Consider this second example. Your ex-spouse has the title to your marital home, to which you may be entitled a share upon its sale at a future date following the finalization of the divorce. However, your ex’s will states that the house will become the property of someone else — perhaps their new spouse. The divorce agreement, again, would prevail because they cannot give away what they do not actually have.

Similarly, if you are entitled to a portion of the marital home after divorce pursuant to your divorce agreement, but the house is in only your ex’s name, and your ex-spouse dies, you will have to put a lien on the property in the event your ex’s beneficiary goes to sell it. However, the problem is that without a lien already in place against the property for your share, the heir could potentially sell the house from under you before you get such a lien secured.

Also, keep in mind that your CR2A settlement contract is as binding as a court order. In such a settlement, you and your ex come to an agreement out of court regarding issues related to your divorce. Indeed, this can be a shorter, less expensive, and less stressful alternative to litigation. Court orders can take a period of time to go into effect or even be produced, from days to months, even though getting a CR2A typically takes less time than going to court. However, should your CR2A create conflict with your existing estate plan or intentions, problems will inevitably arise.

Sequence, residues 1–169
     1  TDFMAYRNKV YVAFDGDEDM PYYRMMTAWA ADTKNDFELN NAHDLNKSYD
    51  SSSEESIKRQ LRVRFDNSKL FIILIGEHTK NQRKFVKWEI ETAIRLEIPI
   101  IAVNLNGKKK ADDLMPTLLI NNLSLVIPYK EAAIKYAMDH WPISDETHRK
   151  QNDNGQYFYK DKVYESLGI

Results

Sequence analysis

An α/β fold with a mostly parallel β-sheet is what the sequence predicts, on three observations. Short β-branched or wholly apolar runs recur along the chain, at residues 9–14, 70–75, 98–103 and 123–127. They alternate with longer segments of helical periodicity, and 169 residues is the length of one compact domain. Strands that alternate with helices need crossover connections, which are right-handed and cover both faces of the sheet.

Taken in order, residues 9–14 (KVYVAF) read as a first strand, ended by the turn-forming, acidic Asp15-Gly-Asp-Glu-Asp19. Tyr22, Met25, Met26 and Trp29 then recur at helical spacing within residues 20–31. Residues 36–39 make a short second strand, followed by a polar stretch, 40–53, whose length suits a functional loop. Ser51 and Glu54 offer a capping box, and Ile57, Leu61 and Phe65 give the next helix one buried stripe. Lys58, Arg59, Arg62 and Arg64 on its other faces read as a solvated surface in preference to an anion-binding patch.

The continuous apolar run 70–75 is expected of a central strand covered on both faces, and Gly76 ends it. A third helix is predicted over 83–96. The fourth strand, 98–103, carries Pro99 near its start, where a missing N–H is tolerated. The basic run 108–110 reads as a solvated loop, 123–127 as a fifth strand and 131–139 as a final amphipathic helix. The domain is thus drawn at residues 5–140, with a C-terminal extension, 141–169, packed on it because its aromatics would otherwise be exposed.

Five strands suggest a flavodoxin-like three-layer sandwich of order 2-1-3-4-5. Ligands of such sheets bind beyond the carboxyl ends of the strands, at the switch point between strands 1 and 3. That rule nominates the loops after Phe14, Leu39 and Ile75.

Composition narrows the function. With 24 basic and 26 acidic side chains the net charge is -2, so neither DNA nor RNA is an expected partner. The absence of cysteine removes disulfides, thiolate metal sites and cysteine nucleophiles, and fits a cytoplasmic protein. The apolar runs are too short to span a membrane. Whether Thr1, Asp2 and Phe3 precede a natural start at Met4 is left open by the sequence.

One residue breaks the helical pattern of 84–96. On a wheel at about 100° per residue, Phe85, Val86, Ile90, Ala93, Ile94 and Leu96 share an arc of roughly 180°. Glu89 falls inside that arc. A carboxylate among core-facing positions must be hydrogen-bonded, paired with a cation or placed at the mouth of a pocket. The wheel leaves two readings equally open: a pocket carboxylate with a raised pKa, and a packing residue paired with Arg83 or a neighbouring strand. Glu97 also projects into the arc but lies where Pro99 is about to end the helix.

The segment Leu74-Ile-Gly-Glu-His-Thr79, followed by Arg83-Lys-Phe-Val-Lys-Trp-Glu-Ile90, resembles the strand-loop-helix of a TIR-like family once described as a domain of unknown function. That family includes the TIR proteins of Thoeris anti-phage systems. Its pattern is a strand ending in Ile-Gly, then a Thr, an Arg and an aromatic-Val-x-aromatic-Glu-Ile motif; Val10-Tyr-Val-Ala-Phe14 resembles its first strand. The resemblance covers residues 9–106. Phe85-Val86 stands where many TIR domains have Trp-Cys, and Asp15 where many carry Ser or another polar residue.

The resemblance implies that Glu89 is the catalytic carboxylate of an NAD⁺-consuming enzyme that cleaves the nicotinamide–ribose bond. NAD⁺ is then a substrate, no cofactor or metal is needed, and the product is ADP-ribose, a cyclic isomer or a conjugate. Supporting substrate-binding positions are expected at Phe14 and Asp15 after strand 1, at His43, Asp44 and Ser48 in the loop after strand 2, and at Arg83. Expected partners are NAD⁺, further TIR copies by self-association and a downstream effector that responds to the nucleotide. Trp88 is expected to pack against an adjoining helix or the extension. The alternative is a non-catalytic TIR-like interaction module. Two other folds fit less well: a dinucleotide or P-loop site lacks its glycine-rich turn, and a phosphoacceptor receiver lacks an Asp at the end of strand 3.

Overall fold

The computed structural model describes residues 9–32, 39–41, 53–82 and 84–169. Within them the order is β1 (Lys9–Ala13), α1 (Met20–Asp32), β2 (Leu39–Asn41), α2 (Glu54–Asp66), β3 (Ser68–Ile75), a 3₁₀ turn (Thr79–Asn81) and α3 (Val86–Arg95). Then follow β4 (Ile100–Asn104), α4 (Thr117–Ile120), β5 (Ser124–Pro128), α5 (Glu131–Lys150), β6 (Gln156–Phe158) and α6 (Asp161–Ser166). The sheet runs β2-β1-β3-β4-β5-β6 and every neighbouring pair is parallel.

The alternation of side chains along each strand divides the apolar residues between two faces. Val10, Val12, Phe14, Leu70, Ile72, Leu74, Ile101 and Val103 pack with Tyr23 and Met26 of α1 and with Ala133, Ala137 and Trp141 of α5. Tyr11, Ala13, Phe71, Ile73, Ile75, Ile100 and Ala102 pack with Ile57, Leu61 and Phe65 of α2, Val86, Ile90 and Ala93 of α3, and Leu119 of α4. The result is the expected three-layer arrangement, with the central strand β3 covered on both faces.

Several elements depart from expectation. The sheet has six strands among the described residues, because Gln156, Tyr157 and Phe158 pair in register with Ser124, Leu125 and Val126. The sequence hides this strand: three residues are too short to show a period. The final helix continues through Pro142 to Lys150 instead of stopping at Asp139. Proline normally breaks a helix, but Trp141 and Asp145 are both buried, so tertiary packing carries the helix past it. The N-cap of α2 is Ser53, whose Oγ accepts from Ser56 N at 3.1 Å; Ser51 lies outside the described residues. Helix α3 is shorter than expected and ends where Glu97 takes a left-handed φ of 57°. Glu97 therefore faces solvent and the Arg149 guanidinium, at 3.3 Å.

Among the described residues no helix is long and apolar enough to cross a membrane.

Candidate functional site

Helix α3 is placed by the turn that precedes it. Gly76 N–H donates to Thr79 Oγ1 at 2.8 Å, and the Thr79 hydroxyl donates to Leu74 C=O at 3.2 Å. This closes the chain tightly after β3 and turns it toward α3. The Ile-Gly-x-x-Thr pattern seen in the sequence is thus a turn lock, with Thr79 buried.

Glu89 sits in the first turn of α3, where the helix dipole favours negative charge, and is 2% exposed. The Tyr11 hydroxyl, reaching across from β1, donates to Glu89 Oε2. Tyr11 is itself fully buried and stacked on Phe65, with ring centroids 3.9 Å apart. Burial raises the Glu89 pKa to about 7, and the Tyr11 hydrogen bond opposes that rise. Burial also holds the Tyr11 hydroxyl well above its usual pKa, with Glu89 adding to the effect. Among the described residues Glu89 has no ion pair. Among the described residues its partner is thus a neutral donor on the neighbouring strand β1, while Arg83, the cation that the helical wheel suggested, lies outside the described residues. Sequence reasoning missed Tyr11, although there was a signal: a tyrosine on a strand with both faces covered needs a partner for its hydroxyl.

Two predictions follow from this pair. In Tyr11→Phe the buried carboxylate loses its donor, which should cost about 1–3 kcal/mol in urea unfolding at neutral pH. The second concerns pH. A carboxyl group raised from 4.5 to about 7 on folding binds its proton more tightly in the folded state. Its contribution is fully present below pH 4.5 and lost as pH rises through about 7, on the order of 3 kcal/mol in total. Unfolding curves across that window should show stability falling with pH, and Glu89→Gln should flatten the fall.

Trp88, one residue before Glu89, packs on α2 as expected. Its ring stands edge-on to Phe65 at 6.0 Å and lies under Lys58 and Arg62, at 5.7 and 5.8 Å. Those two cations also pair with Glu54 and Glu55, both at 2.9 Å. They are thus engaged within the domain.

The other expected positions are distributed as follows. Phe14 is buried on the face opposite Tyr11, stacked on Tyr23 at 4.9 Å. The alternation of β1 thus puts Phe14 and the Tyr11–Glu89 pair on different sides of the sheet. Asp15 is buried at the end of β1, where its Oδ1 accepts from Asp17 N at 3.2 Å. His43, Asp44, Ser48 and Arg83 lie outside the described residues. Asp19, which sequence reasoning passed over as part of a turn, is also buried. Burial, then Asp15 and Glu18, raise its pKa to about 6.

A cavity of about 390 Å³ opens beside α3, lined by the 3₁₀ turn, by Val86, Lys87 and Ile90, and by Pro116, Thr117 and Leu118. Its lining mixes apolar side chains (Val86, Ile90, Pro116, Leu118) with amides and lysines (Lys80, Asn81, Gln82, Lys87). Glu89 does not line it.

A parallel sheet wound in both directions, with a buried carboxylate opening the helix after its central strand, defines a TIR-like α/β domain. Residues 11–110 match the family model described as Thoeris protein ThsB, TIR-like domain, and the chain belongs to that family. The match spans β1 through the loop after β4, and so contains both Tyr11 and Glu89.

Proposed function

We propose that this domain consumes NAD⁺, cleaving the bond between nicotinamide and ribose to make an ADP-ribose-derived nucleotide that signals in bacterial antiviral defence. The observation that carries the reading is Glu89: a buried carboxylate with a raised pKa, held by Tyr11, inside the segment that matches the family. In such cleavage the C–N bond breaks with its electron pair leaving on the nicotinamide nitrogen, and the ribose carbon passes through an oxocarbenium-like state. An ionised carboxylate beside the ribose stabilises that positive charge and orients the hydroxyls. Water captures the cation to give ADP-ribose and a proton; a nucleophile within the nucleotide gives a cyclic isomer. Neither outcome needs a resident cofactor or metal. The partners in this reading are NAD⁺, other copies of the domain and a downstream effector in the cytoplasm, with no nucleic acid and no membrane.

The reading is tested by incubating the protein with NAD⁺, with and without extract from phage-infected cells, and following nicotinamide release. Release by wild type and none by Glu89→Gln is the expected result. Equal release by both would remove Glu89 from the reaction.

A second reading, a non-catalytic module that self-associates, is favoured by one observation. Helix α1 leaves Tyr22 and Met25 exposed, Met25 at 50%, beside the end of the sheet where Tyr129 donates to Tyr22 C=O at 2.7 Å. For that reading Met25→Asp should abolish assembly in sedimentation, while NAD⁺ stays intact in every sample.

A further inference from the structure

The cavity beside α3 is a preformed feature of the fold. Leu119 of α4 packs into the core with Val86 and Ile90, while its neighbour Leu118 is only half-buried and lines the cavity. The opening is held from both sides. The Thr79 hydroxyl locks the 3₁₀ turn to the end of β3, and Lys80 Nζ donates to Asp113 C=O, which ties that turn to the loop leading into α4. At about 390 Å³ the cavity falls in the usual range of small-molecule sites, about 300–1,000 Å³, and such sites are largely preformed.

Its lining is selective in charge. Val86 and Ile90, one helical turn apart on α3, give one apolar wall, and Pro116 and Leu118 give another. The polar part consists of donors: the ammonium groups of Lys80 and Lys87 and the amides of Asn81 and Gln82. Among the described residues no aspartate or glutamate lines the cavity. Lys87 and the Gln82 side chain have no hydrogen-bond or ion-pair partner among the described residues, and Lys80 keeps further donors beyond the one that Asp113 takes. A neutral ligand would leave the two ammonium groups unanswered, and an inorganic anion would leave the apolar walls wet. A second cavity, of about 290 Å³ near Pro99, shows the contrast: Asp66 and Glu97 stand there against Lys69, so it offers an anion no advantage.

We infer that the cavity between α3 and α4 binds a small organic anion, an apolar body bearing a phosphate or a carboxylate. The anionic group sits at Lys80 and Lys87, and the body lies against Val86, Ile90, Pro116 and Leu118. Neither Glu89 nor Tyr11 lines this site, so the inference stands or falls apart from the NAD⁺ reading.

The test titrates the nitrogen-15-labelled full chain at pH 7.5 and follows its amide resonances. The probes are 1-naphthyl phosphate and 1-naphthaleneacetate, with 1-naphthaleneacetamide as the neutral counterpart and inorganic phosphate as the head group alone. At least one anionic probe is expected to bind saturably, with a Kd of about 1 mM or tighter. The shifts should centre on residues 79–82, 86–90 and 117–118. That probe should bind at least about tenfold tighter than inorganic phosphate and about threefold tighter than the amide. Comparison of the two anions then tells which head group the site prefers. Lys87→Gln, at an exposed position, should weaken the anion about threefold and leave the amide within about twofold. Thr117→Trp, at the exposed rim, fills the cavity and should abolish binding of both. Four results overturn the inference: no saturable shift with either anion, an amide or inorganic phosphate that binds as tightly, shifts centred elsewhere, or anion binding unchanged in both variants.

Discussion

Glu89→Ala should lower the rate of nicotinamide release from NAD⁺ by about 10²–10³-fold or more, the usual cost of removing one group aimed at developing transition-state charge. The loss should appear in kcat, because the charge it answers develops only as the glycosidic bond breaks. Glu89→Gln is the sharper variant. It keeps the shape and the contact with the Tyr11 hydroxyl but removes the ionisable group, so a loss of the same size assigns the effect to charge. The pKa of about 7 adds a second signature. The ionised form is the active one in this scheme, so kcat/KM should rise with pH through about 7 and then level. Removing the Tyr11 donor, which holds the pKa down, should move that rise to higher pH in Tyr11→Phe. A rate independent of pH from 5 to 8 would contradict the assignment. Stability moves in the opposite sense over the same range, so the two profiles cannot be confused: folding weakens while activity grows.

For these reasons and a multitude of others, it is critical to have safeguards in place at the time you sign your divorce settlement agreement to ensure your assets are protected. The best course is always to make sure your estate plan lines up with your divorce agreement, and to make sure that your divorce agreement has language addressing inheritance rights. It can prevent headaches and possible legal challenges during an already stressful time.

What happens if my ex dies before fulfilling their spousal support and child support obligation?

In the event that your ex should die before fulfilling their monetary obligation to you, you can negotiate with them to cover their spousal support obligation with a life insurance policy. You may be expected to do the same if you are the paying spouse. Child support, on the other hand, is not secured by life insurance and ends with death. Negotiating to ensure that spousal support is covered by an insurance policy needs to happen at the same time as the other issues of the divorce are discussed and settled, so be sure to talk to your family law attorney about this.

Do I have any say over how my ex handles their estate plan?

You may want to have a say in how your ex handles their will or other aspects of their estate plan. However, in a nutshell, legally, you have none. Again, you cannot control what your ex does following your divorce, which is why taking the precautions mentioned above can serve as helpful protections for you. The best way to protect yourself, your assets, and your children is to have your own estate plan in place. It can afford you the flexibility to make decisions about the people and assets that are important to you, especially in contemplation of and in the aftermath of a divorce.